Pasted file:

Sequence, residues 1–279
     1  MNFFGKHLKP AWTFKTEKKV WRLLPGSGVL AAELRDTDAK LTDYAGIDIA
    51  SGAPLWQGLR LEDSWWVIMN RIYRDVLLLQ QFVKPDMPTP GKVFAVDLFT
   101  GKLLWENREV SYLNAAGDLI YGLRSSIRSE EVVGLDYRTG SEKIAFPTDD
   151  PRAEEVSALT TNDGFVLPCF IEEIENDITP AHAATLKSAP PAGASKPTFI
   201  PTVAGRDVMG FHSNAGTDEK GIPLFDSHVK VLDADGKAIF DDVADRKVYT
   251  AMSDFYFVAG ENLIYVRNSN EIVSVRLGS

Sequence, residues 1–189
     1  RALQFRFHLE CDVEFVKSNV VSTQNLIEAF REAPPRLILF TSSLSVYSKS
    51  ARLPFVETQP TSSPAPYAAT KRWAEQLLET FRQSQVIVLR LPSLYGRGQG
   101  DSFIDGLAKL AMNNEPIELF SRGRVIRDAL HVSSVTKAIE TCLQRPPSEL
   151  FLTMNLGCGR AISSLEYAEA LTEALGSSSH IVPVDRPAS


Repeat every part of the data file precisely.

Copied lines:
Sequence, residues 1–279
     1  MNFFGKHLKP AWTFKTEKKV WRLLPGSGVL AAELRDTDAK LTDYAGIDIA
    51  SGAPLWQGLR LEDSWWVIMN RIYRDVLLLQ QFVKPDMPTP GKVFAVDLFT
   101  GKLLWENREV SYLNAAGDLI YGLRSSIRSE EVVGLDYRTG SEKIAFPTDD
   151  PRAEEVSALT TNDGFVLPCF IEEIENDITP AHAATLKSAP PAGASKPTFI
   201  PTVAGRDVMG FHSNAGTDEK GIPLFDSHVK VLDADGKAIF DDVADRKVYT
   251  AMSDFYFVAG ENLIYVRNSN EIVSVRLGS

Sequence, residues 1–189
     1  RALQFRFHLE CDVEFVKSNV VSTQNLIEAF REAPPRLILF TSSLSVYSKS
    51  ARLPFVETQP TSSPAPYAAT KRWAEQLLET FRQSQVIVLR LPSLYGRGQG
   101  DSFIDGLAKL AMNNEPIELF SRGRVIRDAL HVSSVTKAIE TCLQRPPSEL
   151  FLTMNLGCGR AISSLEYAEA LTEALGSSSH IVPVDRPAS